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Hollywood Gets Needled Over Reports Vaccine Can Cause Swelling in People With Dermal Fillers

It doesn’t help matters that the vaccine is becoming more widely available during a pandemic-delayed awards season

Reports of swelling or redness at the site of cosmetic filler injections concurrent with the COVID-19 vaccine have Twitter users taking shots at Los Angeles, long considered the plastic surgery capital of the world.

In some cases, the tweets needle Hollywood — that is, the entertainment community, not the geographic one — about its perceived preoccupation with plumping lips and smoothing wrinkles for movie and TV shoots, social media, Zoom appearances and the currently virtual Red Carpet.

Even a shelter-at-home year can’t erase the reality that time is still TikTok-ing on for the celebrity crowd. Moreover, plastic surgeons report a boom in plastic surgery during the pandemic, largely because patients want to take advantage of unobserved recovery time while working remotely.

And it doesn’t help matters that the vaccine is becoming more widely available during Hollywood’s ongoing, though pandemic-delayed, awards season.¬† “Moderna’s vaccine causes swelling in peoples faces who have Derma fillers so we’ll be needing a new vaccine in Los Angeles,” wrote one snarky Tweeter.

Other pointed Twitter examples:

This isn’t the first time greater Los Angeles has taken hits during the pandemic for its widely perceived obsession with youth and beauty.

In late April, the city of Beverly Hills rescinded a pandemic moratorium on elective surgery, allowing for colonoscopies, heart valve replacements, angioplasties and other potentially life-saving procedures to begin again. However, a New York Times story  led with the fact that the ruling would also allow cosmetic procedures to resume. Of the 281 members of the American Society of Plastic Surgeons practicing in Los Angeles County, about 100 are located in Beverly Hills.

“No one needs Botox during a pandemic,” The New York Times quoted the one dissenting member of the Beverly Hills City Council saying, worried that the city’s high concentration of plastic surgeons combined with a reputation for extreme narcissism would cause the public to assume the ruling was intended to reinstate “boob and butt jobs” in the face of an unprecedented¬† global health crisis.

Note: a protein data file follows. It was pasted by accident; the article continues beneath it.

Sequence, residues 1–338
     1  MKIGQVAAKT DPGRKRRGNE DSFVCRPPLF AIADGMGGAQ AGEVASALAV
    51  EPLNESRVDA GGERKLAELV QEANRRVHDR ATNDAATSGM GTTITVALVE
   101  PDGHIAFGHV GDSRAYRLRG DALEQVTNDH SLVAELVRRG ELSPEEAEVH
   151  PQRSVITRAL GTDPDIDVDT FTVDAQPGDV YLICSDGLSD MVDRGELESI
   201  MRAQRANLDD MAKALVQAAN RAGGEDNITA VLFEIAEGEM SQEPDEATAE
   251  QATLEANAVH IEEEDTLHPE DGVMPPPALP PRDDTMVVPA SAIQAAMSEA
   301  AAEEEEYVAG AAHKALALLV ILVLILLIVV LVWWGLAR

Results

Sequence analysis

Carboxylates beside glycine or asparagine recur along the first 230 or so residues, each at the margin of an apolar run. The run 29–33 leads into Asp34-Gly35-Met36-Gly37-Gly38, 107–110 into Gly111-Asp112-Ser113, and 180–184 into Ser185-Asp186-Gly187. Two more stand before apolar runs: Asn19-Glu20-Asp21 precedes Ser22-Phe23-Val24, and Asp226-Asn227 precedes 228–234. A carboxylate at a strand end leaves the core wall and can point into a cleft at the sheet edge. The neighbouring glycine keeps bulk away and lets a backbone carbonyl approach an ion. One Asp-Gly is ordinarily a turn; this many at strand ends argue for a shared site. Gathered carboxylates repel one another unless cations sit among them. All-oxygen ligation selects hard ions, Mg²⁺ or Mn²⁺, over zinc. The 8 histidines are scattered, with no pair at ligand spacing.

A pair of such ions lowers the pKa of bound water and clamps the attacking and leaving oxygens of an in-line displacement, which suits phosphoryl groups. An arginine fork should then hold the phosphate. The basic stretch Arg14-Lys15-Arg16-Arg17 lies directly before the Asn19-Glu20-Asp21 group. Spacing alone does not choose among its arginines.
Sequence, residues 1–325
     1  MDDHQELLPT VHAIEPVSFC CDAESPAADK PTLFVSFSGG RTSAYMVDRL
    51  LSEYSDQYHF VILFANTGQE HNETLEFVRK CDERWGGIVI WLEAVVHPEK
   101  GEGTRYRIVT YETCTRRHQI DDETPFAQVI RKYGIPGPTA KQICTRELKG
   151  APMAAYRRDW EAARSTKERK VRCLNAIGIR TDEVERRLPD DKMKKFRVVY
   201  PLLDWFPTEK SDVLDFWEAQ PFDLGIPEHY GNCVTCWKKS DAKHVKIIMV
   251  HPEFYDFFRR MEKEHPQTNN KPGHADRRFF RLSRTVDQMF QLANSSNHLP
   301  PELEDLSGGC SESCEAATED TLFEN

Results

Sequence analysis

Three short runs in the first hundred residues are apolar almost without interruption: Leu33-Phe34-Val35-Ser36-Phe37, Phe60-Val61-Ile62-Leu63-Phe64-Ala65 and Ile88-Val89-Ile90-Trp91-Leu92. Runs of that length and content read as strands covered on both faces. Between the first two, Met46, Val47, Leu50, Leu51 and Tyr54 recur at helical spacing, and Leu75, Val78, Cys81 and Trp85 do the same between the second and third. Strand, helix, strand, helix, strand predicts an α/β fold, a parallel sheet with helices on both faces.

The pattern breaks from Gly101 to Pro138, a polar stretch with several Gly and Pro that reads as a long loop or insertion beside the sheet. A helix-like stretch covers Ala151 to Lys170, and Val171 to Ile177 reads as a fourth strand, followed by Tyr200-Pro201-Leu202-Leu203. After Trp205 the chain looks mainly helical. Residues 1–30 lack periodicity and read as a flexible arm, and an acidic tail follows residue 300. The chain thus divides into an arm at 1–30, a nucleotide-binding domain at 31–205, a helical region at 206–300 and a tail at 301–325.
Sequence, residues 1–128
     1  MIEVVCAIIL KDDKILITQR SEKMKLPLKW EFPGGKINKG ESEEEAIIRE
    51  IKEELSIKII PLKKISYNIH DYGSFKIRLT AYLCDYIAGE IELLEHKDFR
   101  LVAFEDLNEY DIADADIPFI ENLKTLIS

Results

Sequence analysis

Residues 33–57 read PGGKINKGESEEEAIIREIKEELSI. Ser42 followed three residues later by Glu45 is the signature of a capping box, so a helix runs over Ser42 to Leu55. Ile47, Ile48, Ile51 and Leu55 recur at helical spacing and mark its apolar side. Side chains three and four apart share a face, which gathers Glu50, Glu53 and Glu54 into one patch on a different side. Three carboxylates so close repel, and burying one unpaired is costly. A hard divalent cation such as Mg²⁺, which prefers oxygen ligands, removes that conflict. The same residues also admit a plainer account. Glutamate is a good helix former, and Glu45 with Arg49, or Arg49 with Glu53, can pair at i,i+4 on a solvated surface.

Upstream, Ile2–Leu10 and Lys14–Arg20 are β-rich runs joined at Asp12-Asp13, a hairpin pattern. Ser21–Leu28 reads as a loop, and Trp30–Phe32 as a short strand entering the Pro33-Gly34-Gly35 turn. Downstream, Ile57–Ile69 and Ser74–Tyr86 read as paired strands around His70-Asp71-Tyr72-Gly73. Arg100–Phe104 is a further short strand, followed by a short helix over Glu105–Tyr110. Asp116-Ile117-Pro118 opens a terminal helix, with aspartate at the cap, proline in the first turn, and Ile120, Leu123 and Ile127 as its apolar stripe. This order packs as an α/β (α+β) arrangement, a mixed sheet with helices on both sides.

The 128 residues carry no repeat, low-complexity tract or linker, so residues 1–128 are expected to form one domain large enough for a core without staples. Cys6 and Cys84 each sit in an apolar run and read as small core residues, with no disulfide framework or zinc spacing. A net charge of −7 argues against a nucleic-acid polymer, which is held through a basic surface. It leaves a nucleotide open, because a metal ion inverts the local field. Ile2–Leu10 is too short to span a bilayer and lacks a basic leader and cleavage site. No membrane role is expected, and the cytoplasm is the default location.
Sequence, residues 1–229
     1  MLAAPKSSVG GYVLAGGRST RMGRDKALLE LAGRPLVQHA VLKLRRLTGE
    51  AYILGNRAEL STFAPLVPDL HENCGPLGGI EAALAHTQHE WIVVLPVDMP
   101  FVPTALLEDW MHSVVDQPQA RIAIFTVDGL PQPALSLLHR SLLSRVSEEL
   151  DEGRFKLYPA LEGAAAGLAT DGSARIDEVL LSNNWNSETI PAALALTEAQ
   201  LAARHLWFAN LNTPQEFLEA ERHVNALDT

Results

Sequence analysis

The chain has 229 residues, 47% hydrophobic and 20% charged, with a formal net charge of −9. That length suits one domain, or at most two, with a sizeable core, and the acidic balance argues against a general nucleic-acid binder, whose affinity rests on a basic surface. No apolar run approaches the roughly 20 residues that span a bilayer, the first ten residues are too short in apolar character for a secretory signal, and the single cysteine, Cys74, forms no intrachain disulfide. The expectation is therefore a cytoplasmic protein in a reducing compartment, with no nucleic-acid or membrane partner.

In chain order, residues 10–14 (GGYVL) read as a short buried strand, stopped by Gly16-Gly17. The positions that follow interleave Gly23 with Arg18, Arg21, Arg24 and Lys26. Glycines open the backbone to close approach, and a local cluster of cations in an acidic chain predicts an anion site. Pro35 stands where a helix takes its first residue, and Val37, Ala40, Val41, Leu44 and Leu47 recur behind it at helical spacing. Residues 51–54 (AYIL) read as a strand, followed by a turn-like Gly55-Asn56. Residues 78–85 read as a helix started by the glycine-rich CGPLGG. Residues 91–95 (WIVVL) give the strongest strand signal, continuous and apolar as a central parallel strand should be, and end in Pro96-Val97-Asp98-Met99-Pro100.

Apparently for the same reason, local plastic surgeons were hesitant to go on the record with TheWrap about whether social media chatter about COVID-19 vaccines vs. fillers is causing a significant panic among patients.

A spokeswoman from one L.A. plastic surgery office said that she had heard no reports of adverse reactions to the COVID-19 vaccine but that the office recommends patients avoid having filler injections near the same time as the COVID vaccine, just in case. (Botox is not a filler, it’s a neurotoxin, so Botox injections are not implicated in the filler controversy).

According to an Allure magazine article on the issue, recorded reactions to fillers are both minor and rare, and surgeons quoted in the story caution that the benefits of any approved brand of the COVID-19 vaccine far outweigh any risks of cosmetic filler problems.

“The press spin was really a public health tragedy,” Lara Devgan, a board-certified plastic surgeon in New York City, told Allure.

Lest anyone be mislead by Twitter on the subject of COVID-19 vaccines when it comes to cosmetic injections — or any other rumored side effects — Twitter recently introduced a strike system to help curb COVID-19 misinformation on the platform. Tweeters who repeatedly post misinformation about the virus or the vaccine may have their accounts suspended.

However, according to Twitter’s guidelines, “Strong commentary, opinions, and/or satire,” are allowed, provided these do not contain “false or misleading assertions of fact.” The satire exclusion suggests that when it comes to COVID-19 vaccines and facial filler injections, Twitter just might continue to stick it to L.A.